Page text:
Again, there is robust debate across the industry and beyond on the relative merits of these efforts and whether or not a company and its stockholders are ultimately helped or harmed by foreclosing the board’s ability to deploy defensive measures in the face of a perceived threat – but it is clear that before voluntarily and permanently surrendering an otherwise available defense, a REIT’s board should first fully consider the totality of defensive measures available to it and the relative efficacy of these measures in confronting a perceived threat to the company and its stockholders.
Being prepared for a coercive bid or other hostile activity is not a one-size-fits-all proposition, and we do not recommend any particular set or subset of defenses as a blunderbuss approach for all public REITs. For example, a REIT that has the ability to unilaterally stagger its board at any time under the Maryland Unsolicited Takeover Act may feel less threatened by the specter of an activist campaign to take control of the board; a REIT whose ownership limitation provision is drafted so as to restrict accumulation of large blocks of stock by investors not approved by the board – even if the accumulation does not present a REIT qualification concern from a U.S. income tax perspective – may feel less of a need to have the ability to unilaterally adopt a shareholder rights plan. Conversely, REITs whose governing documents impose a mandatory sunset on duly adopted shareholder rights plan (e.g., after one year) may need to rely on other defenses once the rights plan expires.
We recommend that each public REIT take stock of its current corporate governance profile and state of its takeover preparedness (including the interconnectedness of takeover defenses and the way the efficacy of some may depend on the availability or structure of others). An evaluation of governance and takeover preparedness need not necessarily precipitate substantive changes, or any changes, and need not be undertaken with a particular threat in mind or on the horizon. Rather, periodic reviews of these important internal governance features can help the board and management be better prepared when a perceived threat does materialize and/or when the REIT otherwise receives shareholder proposals relating to governance matters. The review and evaluation process can help the board of directors determine whether the company’s overall governance and preparedness profile is one that is responsive to the overarching duty of the board to be able to maximize stockholder value for the long term and in line with the corporate governance standards the board believes are appropriate for the company.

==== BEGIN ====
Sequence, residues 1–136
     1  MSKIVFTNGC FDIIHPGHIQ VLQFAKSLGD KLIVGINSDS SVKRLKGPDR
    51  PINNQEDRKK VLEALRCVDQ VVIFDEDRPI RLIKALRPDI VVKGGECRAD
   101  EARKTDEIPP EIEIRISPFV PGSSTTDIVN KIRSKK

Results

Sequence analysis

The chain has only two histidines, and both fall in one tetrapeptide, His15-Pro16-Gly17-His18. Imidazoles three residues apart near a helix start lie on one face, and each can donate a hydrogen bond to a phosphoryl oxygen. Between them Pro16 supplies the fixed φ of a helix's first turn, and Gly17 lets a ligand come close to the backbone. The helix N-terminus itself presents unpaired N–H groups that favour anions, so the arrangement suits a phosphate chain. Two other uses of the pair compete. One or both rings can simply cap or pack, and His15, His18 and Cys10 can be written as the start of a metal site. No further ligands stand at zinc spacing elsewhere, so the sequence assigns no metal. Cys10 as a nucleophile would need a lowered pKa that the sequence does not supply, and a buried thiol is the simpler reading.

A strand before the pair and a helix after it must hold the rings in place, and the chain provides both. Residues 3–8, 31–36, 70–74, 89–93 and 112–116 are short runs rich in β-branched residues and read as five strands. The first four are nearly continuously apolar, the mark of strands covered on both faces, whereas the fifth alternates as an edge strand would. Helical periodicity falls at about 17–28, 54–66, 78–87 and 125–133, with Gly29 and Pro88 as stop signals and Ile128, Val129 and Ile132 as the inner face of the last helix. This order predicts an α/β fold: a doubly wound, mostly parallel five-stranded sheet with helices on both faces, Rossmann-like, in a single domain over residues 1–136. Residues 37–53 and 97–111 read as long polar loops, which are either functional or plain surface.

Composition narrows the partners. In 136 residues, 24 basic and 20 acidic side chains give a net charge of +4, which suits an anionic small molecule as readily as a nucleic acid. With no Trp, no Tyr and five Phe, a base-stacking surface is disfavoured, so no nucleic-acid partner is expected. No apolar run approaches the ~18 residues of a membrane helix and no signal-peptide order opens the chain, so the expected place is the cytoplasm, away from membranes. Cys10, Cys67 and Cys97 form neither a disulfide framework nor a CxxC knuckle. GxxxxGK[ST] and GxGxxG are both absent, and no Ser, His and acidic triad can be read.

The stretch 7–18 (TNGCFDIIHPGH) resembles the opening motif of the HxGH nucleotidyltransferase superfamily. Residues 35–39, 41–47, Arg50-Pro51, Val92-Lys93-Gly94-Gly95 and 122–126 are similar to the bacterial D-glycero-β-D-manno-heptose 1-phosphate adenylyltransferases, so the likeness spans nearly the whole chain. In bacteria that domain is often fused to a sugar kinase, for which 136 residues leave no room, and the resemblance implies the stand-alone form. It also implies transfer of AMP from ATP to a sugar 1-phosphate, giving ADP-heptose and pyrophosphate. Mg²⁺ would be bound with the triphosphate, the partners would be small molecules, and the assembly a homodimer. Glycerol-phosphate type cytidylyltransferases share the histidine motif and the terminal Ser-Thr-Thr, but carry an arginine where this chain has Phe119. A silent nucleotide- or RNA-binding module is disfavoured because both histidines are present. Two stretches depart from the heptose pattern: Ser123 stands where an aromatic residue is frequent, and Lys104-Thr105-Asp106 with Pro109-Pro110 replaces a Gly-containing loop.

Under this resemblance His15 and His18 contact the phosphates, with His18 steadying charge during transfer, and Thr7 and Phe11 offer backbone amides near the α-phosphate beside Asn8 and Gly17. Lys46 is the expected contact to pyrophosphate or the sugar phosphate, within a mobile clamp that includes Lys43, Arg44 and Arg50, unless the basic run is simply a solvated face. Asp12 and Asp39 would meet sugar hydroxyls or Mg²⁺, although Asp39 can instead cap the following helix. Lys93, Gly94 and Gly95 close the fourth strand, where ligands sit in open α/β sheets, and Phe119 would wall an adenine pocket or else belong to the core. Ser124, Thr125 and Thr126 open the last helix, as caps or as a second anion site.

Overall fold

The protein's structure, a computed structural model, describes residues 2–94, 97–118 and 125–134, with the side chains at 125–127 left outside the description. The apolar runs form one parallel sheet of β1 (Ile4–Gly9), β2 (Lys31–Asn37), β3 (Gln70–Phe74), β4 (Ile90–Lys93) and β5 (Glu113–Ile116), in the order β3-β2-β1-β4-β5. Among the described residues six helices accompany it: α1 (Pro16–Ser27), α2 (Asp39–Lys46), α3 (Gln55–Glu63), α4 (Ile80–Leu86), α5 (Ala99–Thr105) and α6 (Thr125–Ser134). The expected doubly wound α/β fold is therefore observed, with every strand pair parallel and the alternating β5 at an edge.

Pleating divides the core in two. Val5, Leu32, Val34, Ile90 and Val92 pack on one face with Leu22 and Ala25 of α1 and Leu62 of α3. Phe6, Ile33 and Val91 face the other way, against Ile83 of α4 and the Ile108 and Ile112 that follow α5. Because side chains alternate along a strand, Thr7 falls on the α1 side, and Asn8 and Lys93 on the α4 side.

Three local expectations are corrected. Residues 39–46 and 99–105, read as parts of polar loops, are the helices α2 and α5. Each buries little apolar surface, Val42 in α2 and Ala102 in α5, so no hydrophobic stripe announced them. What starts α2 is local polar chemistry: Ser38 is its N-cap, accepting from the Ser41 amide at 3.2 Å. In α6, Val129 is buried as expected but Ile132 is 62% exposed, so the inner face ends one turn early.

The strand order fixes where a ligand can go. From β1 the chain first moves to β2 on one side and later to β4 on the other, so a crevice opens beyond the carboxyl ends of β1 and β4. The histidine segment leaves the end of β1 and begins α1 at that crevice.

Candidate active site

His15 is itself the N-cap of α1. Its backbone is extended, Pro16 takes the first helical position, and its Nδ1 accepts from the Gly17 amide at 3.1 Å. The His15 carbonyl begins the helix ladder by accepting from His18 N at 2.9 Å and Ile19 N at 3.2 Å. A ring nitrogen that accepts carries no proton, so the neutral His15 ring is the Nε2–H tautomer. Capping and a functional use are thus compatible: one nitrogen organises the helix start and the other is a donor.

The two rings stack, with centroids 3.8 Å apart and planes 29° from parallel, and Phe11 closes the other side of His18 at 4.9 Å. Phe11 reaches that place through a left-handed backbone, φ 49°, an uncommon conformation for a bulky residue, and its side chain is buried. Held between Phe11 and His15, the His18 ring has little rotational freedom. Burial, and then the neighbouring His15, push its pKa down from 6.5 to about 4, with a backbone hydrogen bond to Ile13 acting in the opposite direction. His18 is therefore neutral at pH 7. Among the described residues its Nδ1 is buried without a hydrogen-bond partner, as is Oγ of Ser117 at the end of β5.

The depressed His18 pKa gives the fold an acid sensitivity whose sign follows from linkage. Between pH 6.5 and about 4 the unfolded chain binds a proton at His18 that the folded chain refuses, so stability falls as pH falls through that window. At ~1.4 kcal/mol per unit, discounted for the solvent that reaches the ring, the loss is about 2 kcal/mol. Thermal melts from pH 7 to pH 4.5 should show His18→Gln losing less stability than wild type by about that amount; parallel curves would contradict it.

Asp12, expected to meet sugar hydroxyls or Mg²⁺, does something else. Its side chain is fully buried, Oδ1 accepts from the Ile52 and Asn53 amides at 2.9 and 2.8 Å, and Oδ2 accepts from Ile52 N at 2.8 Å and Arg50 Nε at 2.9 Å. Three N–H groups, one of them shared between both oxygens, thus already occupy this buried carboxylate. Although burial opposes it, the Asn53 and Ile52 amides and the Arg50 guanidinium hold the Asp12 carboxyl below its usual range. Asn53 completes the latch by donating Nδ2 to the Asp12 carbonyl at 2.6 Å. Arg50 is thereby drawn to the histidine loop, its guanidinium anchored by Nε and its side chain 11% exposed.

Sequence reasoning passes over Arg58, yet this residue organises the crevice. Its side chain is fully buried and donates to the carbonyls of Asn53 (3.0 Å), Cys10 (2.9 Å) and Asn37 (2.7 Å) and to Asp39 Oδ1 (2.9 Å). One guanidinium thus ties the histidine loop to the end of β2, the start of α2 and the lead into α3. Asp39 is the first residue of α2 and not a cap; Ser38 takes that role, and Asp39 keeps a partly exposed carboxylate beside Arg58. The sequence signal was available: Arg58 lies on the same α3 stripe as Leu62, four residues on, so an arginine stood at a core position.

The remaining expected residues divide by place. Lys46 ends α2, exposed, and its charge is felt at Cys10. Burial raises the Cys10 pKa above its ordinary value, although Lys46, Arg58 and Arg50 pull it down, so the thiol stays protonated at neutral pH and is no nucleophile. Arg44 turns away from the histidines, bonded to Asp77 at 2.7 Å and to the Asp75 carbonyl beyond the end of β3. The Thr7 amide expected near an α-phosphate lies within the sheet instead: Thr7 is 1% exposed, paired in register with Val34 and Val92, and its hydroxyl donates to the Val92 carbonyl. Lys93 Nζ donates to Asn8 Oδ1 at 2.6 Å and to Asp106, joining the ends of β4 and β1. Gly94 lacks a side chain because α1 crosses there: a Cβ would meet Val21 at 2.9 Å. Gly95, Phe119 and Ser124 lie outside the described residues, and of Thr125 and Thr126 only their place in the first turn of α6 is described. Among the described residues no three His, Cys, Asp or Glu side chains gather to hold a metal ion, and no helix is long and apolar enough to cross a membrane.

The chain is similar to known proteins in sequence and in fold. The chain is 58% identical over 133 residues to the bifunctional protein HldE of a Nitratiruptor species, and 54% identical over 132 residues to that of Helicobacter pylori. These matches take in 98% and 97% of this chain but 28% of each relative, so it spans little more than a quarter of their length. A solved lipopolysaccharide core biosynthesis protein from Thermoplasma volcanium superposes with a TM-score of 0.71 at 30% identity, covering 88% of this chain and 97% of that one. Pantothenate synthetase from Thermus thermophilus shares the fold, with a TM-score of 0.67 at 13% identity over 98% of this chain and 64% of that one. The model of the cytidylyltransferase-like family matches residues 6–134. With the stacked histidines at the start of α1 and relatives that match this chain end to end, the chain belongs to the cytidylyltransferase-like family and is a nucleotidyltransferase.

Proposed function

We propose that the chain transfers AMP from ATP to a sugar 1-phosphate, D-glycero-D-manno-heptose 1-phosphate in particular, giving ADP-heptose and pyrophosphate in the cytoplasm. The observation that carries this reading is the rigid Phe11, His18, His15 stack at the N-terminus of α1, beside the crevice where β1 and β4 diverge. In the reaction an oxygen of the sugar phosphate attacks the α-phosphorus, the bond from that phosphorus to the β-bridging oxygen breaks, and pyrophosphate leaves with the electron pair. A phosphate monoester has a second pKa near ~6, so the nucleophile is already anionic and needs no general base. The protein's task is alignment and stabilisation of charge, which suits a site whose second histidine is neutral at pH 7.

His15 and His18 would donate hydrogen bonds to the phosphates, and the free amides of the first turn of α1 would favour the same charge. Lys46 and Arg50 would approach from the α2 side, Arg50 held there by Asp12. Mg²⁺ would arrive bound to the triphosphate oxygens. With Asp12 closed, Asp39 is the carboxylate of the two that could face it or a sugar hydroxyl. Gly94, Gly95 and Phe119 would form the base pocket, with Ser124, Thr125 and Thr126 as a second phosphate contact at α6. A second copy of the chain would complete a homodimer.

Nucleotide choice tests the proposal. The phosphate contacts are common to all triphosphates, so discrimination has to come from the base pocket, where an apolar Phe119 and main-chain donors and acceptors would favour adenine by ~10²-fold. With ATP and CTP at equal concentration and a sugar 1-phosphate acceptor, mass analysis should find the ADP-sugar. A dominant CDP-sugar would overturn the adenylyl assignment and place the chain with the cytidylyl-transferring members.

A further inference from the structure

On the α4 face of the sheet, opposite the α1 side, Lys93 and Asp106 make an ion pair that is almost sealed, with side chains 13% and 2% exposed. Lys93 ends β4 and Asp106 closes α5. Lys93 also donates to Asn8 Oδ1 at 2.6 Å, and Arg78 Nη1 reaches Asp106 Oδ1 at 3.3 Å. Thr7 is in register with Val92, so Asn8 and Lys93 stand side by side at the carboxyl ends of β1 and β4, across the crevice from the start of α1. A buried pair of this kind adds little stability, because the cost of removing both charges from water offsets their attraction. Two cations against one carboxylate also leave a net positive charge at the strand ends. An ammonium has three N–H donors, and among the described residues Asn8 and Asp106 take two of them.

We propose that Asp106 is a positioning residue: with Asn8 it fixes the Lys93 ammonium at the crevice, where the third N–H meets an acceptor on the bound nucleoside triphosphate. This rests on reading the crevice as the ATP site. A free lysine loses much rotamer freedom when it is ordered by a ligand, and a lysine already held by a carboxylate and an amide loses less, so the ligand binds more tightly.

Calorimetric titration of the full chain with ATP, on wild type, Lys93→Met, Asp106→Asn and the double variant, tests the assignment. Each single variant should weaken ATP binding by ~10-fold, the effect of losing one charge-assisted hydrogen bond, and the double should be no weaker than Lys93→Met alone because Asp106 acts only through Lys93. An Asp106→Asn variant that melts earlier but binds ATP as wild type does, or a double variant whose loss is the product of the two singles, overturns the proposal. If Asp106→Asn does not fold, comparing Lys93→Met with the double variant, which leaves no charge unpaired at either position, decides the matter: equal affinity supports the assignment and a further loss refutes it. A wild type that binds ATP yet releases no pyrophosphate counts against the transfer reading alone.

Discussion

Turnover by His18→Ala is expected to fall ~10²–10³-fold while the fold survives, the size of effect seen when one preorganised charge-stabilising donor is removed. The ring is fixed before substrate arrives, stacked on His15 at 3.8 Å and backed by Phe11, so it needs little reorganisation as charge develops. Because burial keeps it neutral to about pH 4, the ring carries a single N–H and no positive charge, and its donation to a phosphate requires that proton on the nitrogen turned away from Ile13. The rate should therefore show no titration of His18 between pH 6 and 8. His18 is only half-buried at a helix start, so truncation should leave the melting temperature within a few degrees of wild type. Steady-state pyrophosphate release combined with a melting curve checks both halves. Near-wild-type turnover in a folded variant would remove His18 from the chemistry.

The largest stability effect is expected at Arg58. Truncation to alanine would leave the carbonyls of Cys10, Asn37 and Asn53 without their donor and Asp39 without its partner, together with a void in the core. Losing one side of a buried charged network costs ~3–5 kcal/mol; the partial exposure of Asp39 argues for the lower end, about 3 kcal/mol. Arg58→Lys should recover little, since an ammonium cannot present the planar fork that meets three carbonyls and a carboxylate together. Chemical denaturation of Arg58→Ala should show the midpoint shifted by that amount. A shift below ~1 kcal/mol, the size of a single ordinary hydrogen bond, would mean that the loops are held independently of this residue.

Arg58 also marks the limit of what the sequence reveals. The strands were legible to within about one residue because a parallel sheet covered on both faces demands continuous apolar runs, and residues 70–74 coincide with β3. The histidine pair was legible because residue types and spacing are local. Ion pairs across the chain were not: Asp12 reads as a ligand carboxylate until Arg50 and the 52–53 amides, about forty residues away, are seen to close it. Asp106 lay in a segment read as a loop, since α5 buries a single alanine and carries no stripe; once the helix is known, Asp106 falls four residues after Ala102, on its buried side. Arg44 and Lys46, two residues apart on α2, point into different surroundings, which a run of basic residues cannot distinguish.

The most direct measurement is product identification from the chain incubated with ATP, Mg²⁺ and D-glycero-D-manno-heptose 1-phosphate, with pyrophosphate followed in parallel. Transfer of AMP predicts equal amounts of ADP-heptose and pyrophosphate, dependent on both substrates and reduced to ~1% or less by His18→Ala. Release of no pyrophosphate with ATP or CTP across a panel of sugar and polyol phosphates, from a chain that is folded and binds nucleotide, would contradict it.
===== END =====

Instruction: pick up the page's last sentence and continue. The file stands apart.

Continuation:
Some notable exceptions include the 1998 proxy battle waged by hedge funds led by Gotham Partners against the board of First Union Real Estate Investments; Simon/Westfield’s hostile bid for Taubman in 2003; and Public Storage’s hostile bid for Shurgard in 2005.
 For example, there have been pockets of time during which many REITs traded at relatively significant discounts to NAV. Likewise, the ability to take an initial ownership stake of nearly ten percent will often be more than sufficient for a determined hostile bidder or activist to gain the attention of a target and other shareholders.
 While beyond the scope of this article, note that ownership limitation provisions are not created equal and that the particular wording and definitions of each charter will generally determine the scope of the ownership limitation’s perceived anti-takeover effect. For example, some charters impose the ownership limitation only on actual individuals as required to strictly comply with the relevant REIT qualification provisions under the Internal Revenue Code, while other charters impose the ownership limitation on entities and groups as well.
 Note that in some jurisdictions, such as Delaware, the board may not make substantive amendments to the bylaws without shareholder approval.
 In an extreme example, Commonwealth REIT in 2013 had in place essentially every possible takeover defense available, including a staggered board, a shareholder rights plan, draconian advance notice bylaw provisions, supermajority voting requirements and an affirmative “opt in” to Maryland’s Unsolicited Takeover Act – yet determined activist investors were still able to remove the entire board of trustees without cause in 2014.
 See, e.g., “Getting Nothing for Something” by James J. Hanks, Jr., REIT Zone Publications, September 3, 2014 (“[W]hy give up, for no economic benefit to the REIT, an option that may provide some protection against an effort by investors or activists with goals other than those typically held by long-term shareholders to seize control of the company on a short-term basis in what may be temporarily unfavorable market conditions?”)